This makes me a little crazy:
The spelling, I mean:
That is just wrong.
There's a historical reason for this spelling, although it isn't addressed by the rules you learned in school. Unlike the apostrophe in contractions such as don't, wouldn't, or he's; or the possessive apostrophe in Abner's (singular) and folks' (plural); or the apostrophe-of-omission in fo'c'sle (forecastle) or bo's'n (for boatswain), the apostrophe in li'l doesn't represent a missing letter—even though three letters are indeed missing.¹ Its function is to create something called eye dialect: nonstandard spelling that approximates a pronunciation that's not much different from the standard, but gives the reader the impression of "dialect, foreign, or uneducated speech" (per Wikipedia). The apostrophe represents "flapping," that thing we do with the t sound in little so that it almost disappears.
This special apostrophe has a wonderful name all its own: the apologetic apostrophe. It shows up in Scots words such as ta'en (taken) to suggest that a letter is missing. It isn't: the word was originally spelled tane. Unapologetically Anglocentric Brits, however, inserted the apostrophe to "prove" that Scots was a degraded form of "pure English."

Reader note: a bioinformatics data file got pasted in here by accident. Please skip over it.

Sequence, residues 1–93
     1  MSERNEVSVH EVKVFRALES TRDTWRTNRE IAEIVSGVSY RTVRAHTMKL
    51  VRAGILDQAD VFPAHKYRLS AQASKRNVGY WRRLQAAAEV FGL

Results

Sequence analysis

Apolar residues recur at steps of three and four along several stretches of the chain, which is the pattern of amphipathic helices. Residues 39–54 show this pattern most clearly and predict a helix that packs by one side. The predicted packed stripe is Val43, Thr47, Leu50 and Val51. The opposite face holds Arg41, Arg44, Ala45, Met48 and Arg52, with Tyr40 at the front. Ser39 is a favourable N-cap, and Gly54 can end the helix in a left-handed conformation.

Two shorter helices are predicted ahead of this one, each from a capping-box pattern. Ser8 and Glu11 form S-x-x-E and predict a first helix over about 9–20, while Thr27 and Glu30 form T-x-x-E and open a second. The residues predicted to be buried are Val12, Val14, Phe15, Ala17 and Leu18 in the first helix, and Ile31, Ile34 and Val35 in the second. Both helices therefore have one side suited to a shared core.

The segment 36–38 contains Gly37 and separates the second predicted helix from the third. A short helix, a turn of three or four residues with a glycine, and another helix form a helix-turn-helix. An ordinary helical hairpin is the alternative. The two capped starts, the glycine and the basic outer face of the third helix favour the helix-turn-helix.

So where did my Oakland neighbor Dreyer's², which owns the Drumsticks brand, get the apostrophe-at-the-end "Lil'"?
I blame rap music.
Consider Lil' Kim, Lil' 1/2 Dead, Lil' Fizz, Lil' Jon, and Lil' Malik (now known as Mr. Malik). Wikipedia has compiled a much longer list of Lil' rappers.
This is apostrophe abuse, plain and simple.³ What's the function of that terminal apostrophe? Does it represent a missing letter? Is Kim's real name Lily? Or Lilt? Is Mr. 1/2 Dead honoring the French city of Lille?
Or is it mere ornamentation—the orthographic equivalent of a hood ornament?
I doubt very much that it's apologetic. I mean, have you seen Lil' Kim?
Eccentric or nonstandard spellings may be part of the rap brand. But Dreyer's has no excuse for its errant apostrophe. I beg you, Dreyer's, think of the children! You know: the li'l ones.
¹ Yes, the possessive apostrophe represents a missing letter. Long ago, English had a genitive case equivalent to the one in German; "of/belonging to the man" was spelled mannes. As pronunciation changed, the -es contracted into 's.
² Sold as Edy's on the East Coast.
³ For a different strain of apostrophe abuse, see "There's an Apostrophe in There Somewhere," in Arnold Zwicky's blog.